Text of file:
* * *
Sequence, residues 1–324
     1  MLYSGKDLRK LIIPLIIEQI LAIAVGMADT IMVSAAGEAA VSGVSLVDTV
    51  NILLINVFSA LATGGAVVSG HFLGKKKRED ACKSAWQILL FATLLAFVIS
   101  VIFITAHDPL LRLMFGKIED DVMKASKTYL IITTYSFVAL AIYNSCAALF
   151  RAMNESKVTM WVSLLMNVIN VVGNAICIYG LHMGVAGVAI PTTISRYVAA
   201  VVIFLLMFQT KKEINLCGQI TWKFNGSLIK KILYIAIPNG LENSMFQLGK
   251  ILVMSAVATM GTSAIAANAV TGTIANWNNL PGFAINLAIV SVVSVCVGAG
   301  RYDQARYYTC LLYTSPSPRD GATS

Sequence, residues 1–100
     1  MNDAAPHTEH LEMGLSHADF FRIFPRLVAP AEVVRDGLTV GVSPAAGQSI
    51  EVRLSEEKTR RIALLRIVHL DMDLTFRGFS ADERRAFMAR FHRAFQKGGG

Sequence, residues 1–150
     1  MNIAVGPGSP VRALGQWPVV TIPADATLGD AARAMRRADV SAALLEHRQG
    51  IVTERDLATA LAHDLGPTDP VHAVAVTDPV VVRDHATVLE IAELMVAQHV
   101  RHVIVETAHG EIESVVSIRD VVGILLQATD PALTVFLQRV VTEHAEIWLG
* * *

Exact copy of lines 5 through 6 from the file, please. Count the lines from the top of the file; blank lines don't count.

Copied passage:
   151  RAMNESKVTM WVSLLMNVIN VVGNAICIYG LHMGVAGVAI PTTISRYVAA
   201  VVIFLLMFQT KKEINLCGQI TWKFNGSLIK KILYIAIPNG LENSMFQLGK